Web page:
Statement by Senator Patrick Leahy On Ending the Scourge of Landmines in Mozambique

Mr. President, last week marked an important milestone in the campaign to rid the world of anti-personnel landmines.  On September 17th Mozambique, where two decades ago an estimated 200,000 unexploded landmines were left over from a brutal 15-year civil war, became the first country with large-scale mine contamination to have all known minefields cleared.  While accidents due to unknown mines and other unexploded ordnance in Mozambique will occasionally occur in the future as they still do in Europe 70 years after World War II, the number is a tiny fraction of what it once, was and it will continue to decline. 

The State Department recognized this milestone in a statement, which included the following: 

            “Since 1993, when Mozambique emerged from decades of conflict as one of the world’s most landmine-affected nations, the United States has been proud to partner with the people of Mozambique, investing more than $55 million toward improving the safety and    security of local communities though the U.S. Conventional Weapons Destruction program.

            “Through that partnership -- which includes the international donor community and humanitarian demining organizations -- we have worked diligently to safely clear landmines and unexploded ordnance, prevent injuries through community outreach and education, and provide medical and social services to survivors of accidents involving these legacies of past conflicts.”

I have spoken many times in this chamber about these indiscriminate weapons, which are triggered by the victim, whether a soldier or an unsuspecting child.  They linger for days, weeks, years, and even decades after armed conflicts end.  They destroy lives as well as livelihoods, making fields unworkable and roads impassable, crippling the economies of already impoverished communities.  In recent years the United States has made important contributions to the worldwide eradication of landmines and I have long supported funding for the State Department’s humanitarian demining programs and for assistance for mine victims through the U.S. Agency for International Development’s Leahy War Victims Fund, but the job is far from done.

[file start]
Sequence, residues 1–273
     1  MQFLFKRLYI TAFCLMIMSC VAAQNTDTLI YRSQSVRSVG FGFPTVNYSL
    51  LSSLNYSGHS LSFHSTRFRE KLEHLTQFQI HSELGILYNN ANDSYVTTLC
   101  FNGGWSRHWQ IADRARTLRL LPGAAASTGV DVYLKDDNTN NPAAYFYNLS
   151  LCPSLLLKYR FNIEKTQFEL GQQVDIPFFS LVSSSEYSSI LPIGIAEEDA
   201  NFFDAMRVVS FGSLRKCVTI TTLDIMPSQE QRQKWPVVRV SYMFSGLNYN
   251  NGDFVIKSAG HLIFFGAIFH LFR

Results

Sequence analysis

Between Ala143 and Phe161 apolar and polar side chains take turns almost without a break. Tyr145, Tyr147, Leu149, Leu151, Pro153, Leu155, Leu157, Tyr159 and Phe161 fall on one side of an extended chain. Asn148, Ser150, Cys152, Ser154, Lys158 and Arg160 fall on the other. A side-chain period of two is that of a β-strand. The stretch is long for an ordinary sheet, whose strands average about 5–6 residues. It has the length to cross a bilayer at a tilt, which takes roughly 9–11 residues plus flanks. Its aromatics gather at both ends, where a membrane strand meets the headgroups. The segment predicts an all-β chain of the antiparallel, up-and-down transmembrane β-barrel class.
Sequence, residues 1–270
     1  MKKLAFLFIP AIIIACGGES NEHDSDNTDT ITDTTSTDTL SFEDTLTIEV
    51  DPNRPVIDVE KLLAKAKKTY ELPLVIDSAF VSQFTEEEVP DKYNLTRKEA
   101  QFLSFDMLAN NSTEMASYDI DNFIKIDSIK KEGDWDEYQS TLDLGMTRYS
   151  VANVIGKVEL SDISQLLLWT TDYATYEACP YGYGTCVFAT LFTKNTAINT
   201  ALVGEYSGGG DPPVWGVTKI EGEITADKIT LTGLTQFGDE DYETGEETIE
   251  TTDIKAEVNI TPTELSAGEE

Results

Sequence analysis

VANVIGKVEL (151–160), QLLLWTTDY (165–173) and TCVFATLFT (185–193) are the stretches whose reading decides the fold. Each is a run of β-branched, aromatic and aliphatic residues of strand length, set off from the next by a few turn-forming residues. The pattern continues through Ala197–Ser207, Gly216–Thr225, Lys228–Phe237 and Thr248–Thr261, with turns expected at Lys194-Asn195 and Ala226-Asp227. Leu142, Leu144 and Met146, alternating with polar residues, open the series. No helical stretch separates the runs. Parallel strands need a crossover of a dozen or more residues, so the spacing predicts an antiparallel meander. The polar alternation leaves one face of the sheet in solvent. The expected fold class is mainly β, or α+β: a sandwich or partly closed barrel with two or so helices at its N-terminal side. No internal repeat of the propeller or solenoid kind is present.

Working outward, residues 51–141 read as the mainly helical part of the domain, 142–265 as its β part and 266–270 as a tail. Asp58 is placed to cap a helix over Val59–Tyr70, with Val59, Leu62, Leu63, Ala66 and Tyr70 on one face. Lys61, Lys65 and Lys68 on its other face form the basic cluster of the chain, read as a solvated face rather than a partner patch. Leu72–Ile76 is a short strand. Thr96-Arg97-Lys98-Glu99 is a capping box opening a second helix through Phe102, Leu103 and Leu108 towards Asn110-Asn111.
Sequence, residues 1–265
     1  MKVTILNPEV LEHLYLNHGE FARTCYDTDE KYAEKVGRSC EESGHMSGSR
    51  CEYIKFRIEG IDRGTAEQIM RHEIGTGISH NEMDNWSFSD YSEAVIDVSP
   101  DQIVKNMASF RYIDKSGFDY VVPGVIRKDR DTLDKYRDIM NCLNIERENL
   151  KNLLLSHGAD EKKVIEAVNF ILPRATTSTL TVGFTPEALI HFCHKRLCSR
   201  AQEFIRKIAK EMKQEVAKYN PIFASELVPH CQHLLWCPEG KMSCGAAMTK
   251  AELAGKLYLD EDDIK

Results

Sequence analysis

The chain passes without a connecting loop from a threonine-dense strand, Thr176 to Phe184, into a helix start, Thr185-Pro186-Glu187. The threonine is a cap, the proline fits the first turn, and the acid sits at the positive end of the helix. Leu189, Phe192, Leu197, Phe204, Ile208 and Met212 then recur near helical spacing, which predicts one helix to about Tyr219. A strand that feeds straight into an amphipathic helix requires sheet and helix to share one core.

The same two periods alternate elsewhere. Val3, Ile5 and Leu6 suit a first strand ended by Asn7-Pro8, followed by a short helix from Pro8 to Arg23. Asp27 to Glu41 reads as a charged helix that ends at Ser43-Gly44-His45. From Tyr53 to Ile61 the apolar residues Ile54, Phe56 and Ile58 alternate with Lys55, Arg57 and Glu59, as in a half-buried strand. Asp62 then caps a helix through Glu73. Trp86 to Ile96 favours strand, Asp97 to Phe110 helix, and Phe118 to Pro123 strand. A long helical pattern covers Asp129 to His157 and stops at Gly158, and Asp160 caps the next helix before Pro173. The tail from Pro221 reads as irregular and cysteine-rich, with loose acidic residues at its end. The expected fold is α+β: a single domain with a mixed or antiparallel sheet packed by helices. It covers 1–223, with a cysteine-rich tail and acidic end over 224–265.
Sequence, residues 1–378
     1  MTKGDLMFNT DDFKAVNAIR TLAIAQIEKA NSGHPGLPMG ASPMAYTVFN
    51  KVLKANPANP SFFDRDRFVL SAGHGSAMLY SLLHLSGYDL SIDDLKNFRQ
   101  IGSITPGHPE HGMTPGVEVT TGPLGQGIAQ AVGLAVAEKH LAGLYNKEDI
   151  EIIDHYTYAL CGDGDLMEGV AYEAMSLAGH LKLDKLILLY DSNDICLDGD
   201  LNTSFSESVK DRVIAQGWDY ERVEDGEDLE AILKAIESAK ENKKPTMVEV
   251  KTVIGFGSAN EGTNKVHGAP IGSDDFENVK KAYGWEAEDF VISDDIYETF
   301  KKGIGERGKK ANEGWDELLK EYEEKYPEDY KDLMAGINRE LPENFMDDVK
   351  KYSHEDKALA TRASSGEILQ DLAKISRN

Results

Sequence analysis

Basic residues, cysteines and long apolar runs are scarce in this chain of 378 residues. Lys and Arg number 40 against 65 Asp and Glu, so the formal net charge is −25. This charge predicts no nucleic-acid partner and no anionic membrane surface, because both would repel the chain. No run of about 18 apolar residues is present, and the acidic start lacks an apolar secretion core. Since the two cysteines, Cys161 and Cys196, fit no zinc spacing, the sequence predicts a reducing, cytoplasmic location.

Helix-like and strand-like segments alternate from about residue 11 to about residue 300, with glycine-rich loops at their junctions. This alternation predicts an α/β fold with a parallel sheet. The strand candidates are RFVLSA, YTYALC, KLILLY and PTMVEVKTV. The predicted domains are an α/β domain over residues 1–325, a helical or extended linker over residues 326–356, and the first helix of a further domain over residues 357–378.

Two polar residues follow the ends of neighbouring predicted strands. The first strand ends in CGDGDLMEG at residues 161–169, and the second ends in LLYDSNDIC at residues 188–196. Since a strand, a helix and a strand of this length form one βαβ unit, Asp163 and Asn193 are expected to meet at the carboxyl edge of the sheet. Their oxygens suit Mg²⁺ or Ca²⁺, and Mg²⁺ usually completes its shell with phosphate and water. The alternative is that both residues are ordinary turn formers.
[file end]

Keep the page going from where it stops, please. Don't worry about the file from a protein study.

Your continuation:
The painstaking work of HALO Trust and other dedicated organizations and individuals in Mozambique demonstrates what is possible.  We used the Leahy War Victims Fund there, starting back in 1989, to provide artificial limbs, wheelchairs, and rehabilitation for victims of mines.  Melissa Wells, our outstanding Ambassador to Mozambique at the time, was a strong supporter of that program.  Thousands of people have regained their mobility as a result.  My wife, Marcelle, a registered nurse, traveled to Mozambique and visited some of them more than two decades ago.  With this declaration, Mozambicans can live with far less fear of being maimed or killed while working in their fields, walking to school, or just stepping outside of their homes.  

This is a time to commend the people and government of Mozambique and the courageous deminers, as well as those who have helped the victims of mines rebuild their lives.  But as one who has worked to stop the use of landmines ever since my legislation to halt U.S. exports of these weapons was first enacted back in 1992, I must emphasize that landmines continue to threaten innocent people in many other countries. 

We have come a long way since 1994 when President Clinton, in a speech to the United Nations General Assembly, called on all countries to rid the world of landmines.  But we have not yet achieved that goal, and we should rededicate ourselves to eliminating this scourge from the Earth.  The best way for the United States to do that is to join the 162 signatories to the Ottawa Treaty banning the production, use, export and stockpiling of anti-personnel landmines. 

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